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Dental Cleaning

Dental prophylaxis, commonly known as dental cleaning, is a preventive dental procedure performed by dental hygienists or dentists to maintain optimal oral health and prevent the development of various dental issues. The word "prophylaxis" comes from the Greek language and means "to guard or prevent beforehand," emphasizing the preventative nature of this procedure.


Dental cleaning involves the thorough removal of plaque and tartar (also known as calculus) from the surfaces of the teeth. Plaque is a soft, sticky film composed of bacteria, food particles, and saliva that accumulates on teeth throughout the day. If not adequately removed through regular brushing and flossing, plaque can harden into tartar, a calcified deposit that cannot be eliminated through routine oral hygiene practices. Tartar provides a conducive environment for the growth of harmful bacteria, leading to various dental issues.

Female smiling in a dental chair

Dental Cleaning Steps

The dental prophylaxis procedure typically includes the following steps:

  1. Assessment:

    • Before starting the cleaning process, the dental professional assesses the patient's oral health. This may involve reviewing the patient's dental and medical history, conducting X-rays if necessary, and checking for any signs of oral issues or concerns.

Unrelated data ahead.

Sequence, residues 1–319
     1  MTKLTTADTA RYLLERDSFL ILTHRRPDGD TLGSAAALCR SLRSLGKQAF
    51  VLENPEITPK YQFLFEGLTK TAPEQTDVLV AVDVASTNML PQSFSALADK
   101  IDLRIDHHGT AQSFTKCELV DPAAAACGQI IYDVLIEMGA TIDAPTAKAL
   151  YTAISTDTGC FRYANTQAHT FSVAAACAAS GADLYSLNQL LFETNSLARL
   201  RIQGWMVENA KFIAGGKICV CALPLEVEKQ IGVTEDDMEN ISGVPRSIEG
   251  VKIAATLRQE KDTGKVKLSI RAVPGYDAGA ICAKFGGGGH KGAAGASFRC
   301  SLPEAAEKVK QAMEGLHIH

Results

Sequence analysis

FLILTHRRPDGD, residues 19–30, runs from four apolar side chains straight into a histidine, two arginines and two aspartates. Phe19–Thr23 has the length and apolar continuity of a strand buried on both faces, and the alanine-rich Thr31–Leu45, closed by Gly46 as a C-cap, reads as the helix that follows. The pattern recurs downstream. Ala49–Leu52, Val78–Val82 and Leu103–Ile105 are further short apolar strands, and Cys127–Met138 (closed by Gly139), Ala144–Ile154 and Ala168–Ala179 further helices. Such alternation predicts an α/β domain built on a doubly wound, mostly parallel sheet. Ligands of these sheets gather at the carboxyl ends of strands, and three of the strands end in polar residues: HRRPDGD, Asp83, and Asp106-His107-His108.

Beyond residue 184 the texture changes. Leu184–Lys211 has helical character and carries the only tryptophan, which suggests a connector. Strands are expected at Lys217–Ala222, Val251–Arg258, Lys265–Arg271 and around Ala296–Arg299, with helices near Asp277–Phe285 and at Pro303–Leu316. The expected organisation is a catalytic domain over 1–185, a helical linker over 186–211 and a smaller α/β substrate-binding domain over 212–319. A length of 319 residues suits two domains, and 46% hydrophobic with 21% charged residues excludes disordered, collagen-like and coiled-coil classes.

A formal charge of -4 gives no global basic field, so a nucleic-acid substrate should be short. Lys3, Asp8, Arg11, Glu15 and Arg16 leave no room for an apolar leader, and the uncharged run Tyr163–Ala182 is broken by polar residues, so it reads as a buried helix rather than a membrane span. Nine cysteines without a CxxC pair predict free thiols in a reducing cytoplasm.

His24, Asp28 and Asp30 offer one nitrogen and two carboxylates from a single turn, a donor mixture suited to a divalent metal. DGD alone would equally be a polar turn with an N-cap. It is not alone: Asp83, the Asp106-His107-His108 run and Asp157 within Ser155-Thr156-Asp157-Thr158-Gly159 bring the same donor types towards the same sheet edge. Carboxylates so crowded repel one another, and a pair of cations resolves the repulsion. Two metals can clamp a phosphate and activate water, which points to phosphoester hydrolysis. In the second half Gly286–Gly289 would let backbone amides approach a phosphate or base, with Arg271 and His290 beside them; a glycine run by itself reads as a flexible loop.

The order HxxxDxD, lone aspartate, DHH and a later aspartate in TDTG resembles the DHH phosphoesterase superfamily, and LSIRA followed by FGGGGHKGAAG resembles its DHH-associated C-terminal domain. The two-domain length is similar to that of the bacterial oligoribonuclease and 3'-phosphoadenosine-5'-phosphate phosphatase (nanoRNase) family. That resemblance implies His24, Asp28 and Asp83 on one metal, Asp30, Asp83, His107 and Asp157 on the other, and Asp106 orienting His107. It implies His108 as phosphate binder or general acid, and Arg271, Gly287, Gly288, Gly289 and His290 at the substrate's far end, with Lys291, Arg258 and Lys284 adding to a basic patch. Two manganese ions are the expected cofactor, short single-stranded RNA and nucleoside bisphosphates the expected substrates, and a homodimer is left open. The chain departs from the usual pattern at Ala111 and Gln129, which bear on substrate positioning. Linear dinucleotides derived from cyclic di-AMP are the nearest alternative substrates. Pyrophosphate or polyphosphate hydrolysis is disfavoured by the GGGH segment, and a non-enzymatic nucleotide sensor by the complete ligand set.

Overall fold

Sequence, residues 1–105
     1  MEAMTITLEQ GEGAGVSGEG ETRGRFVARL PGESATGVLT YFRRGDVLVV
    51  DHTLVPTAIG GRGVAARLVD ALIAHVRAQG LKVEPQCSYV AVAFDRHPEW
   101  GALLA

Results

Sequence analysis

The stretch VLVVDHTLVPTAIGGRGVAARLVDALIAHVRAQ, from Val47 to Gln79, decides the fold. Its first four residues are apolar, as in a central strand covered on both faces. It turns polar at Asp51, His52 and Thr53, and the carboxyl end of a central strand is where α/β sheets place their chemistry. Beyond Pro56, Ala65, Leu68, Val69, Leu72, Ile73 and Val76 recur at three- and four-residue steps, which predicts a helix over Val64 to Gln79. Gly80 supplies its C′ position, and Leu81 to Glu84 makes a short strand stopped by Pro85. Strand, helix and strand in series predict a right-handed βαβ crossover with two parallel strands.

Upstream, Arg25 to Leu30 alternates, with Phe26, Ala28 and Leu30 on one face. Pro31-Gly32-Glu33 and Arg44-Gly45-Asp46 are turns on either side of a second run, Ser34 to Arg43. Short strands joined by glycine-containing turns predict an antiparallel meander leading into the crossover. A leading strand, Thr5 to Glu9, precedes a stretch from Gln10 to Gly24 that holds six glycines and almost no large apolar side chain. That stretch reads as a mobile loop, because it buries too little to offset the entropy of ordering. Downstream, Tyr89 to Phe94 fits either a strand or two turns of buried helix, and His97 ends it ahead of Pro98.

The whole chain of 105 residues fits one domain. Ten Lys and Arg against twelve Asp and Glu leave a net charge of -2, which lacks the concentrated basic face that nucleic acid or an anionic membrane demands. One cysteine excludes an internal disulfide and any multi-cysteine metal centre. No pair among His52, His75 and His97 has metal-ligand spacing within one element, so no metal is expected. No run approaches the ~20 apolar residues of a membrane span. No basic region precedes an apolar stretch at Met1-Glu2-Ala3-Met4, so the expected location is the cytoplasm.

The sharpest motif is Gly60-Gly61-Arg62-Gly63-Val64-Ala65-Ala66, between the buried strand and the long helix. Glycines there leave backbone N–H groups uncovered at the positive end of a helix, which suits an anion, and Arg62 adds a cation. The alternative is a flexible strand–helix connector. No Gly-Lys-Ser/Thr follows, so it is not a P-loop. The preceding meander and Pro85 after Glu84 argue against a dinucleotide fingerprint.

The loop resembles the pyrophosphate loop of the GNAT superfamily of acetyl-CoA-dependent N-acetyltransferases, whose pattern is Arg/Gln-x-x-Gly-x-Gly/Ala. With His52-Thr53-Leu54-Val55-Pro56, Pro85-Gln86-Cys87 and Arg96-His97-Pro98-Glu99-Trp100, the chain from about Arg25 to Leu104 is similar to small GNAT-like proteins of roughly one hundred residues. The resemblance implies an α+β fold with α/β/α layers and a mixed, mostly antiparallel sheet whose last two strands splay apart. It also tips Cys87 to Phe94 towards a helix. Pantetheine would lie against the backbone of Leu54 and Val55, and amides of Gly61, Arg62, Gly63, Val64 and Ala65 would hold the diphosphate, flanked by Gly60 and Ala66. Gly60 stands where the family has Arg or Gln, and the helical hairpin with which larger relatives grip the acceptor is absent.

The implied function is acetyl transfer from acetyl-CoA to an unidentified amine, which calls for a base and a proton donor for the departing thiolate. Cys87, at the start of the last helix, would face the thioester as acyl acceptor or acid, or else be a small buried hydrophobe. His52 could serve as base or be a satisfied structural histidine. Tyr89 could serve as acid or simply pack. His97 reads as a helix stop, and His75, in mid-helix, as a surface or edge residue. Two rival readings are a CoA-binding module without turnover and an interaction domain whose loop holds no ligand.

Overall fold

2. Plaque and Tartar Removal:

    • The primary goal of dental cleaning is to remove accumulated plaque and tartar. Using specialized instruments such as scalers and curettes, the dental hygienist carefully scrapes away these deposits from the surfaces of the teeth, including areas that are difficult to reach with regular brushing and flossing.

  3. Polishing:

    • After the thorough removal of plaque and tartar, the dental professional polishes the teeth using a special paste and a rotating brush or rubber cup. This helps eliminate any residual stains and creates a smooth surface, making it more difficult for plaque to accumulate in the future.

  4. Fluoride Treatment (Optional):

    • In some cases, a fluoride treatment may be applied after cleaning. Fluoride is a mineral that helps strengthen tooth enamel, making it more resistant to decay. This step is often recommended for patients with a higher risk of developing cavities.

  5. Education and Recommendations:

    • Dental cleaning appointments provide an opportunity for patient education. Dental professionals offer guidance on proper oral hygiene practices, including brushing techniques, flossing, and the use of additional oral care products. They may also discuss lifestyle factors that can impact oral health, such as diet and tobacco use.

Perfect Smile and a mirror

Dental prophylaxis is typically recommended at regular intervals, often every six months, but the frequency may vary based on an individual's oral health needs and risk factors. Regular cleanings not only help prevent common dental issues like cavities and gum disease but also contribute to overall well-being by reducing the risk of systemic conditions associated with poor oral health.

Importantly, dental cleaning is a proactive measure that supports long-term oral health. By addressing plaque and tartar buildup early on, patients can avoid more extensive and costly dental treatments in the future. It is a fundamental component of a comprehensive oral care routine that emphasizes prevention and regular maintenance to ensure a healthy and vibrant smile.

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